An important feature of our model is the sensory basis network, which provides inputs to all expert networks. It corresponds to a sensory processing stream, e.g., in auditory cortex, which can acquire sensory representations that are relevant for the task, but not specific to the learned strategies. Notably, the sensory basis network also learns based on the back-propagated reward prediction error. This is in line with experimental findings indicating that early auditory cortical areas are activated in response to dopaminergic reward signals (Puschmann et al., 2012) and show learning-dependent plastic changes (Weis et al., 2013).
Therefore, we expected that the sensory basis network would develop representations which differentiate well along stimulus dimensions that were task relevant (i.e., stimulus duration and modulation direction) and which are not very discriminative along stimulus dimensions that were not relevant to the task. This effect can be observed in Figure 7. Activities in the basis net are highly similar for stimuli that differ only along dimensions which are not relevant to the task. Furthermore, correlations between stimuli that have a different meaning with respect to the task (i.e., that require different behavioral responses) are low, indicating that the sensory basis network already makes discriminations that are task relevant. This supports strategy learning in the expert networks.
Figure 7. Left: Activities in the trained sensory basis network when stimulated with all 32 possible stimuli. Notably, stimuli that only differ along dimensions which are not task relevant induce highly similar activities. Right: Correlation matrix between sensory basis network activities for the 32 stimuli. Notably, correlations for stimuli that differ only along task irrelevant dimensions are high. Furthermore, correlations for stimuli that require different actions (type 1 vs. types 2, 3, and 4) are low.
Thus, our model predicts that similar, task-relevant sensory representations should be found in sensory brain regions, e.g., in auditory cortex. We would expect representations of stimuli that belong to the same task category, i.e., that differ only along dimensions that are non-discriminative with respect to the task, to show much higher correlations among each other than with representations of stimuli that belong to a different task category. While this hypothesis still requires further experimental work, there are indications that task-dependent representations exist in sensory cortices (Ohl et al., 2001; Weis et al., 2013).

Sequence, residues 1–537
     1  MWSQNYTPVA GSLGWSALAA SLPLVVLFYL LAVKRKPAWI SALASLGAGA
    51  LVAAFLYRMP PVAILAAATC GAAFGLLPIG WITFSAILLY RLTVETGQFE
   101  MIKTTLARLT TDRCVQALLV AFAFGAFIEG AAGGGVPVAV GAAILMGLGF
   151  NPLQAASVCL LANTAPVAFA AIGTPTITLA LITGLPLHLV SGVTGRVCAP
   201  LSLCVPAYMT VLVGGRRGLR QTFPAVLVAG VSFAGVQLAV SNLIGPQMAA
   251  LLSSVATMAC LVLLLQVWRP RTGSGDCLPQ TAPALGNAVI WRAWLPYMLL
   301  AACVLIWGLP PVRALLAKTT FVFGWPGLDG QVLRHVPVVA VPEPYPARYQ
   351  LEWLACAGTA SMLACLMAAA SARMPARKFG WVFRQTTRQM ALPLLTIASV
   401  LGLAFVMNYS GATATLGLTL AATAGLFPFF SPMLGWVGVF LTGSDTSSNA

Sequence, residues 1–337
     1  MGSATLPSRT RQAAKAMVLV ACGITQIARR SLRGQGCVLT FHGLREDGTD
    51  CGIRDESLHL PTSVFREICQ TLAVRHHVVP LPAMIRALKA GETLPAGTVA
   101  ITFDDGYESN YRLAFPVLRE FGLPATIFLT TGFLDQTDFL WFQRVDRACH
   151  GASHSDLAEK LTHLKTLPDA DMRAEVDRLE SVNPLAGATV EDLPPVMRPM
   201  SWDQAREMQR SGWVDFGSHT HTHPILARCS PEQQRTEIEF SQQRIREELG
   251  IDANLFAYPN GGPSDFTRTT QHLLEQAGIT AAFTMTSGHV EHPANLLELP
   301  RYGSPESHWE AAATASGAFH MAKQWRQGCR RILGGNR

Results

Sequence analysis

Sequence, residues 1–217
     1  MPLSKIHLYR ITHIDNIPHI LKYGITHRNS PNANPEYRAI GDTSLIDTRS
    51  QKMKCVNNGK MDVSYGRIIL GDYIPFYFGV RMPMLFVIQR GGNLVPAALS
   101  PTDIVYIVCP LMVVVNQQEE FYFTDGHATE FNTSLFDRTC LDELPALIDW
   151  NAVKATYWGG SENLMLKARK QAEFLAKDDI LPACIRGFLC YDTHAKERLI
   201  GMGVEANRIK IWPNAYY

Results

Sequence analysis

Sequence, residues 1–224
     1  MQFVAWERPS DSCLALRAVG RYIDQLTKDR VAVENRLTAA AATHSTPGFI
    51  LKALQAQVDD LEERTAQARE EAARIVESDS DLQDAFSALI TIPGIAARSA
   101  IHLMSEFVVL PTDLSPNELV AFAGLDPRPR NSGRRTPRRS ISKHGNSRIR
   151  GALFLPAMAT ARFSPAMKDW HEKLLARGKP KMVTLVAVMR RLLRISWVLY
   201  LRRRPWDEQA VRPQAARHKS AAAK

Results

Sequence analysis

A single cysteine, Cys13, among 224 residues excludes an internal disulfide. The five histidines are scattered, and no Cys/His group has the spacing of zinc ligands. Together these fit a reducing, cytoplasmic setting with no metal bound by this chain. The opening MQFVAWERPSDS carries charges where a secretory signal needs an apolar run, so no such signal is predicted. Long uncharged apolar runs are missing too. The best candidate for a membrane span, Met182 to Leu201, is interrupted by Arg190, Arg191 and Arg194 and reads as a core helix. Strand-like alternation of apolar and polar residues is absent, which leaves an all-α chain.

The assumption of a sensory basis network has another consequence concerning non-discriminative stimulus dimensions. A multi-expert model without sensory basis network predicts that learning speed is independent of whether new stimulus dimensions become task-relevant after a contingency change. As each expert learns the complete sensory-to-motor mapping independent of all others, a newly recruited expert can neither exploit the sensory categories learned by other experts, nor can its learning be impaired by them. In contrast, in architectures with a sensory basis network experts share sensory categories. Thus, it should take longer to learn a new task that requires new sensory categories to be formed because a new stimulus dimension becomes relevant, whereas learning of a task that exploits previously learned sensory categories will be faster. These predictions can be used in future experimental work in order to determine whether human and animal learners do indeed rely on a sensory basis network as predicted in our model.
4.6. Possible Improvements and Extensions
Here, we introduced the concept of a dynamic control network (DCN) that “switches” expert networks once the reward and the expected reward (as calculated by the network) differ strongly. The results presented here indicate that the mechanism of a DCN can explain the ability of the system to recover previously learned responses and quickly regain behavioral performance levels after contingency changes. However, the architecture of the DCN is currently rather simple and leads to several limitations, which should be addressed in future work.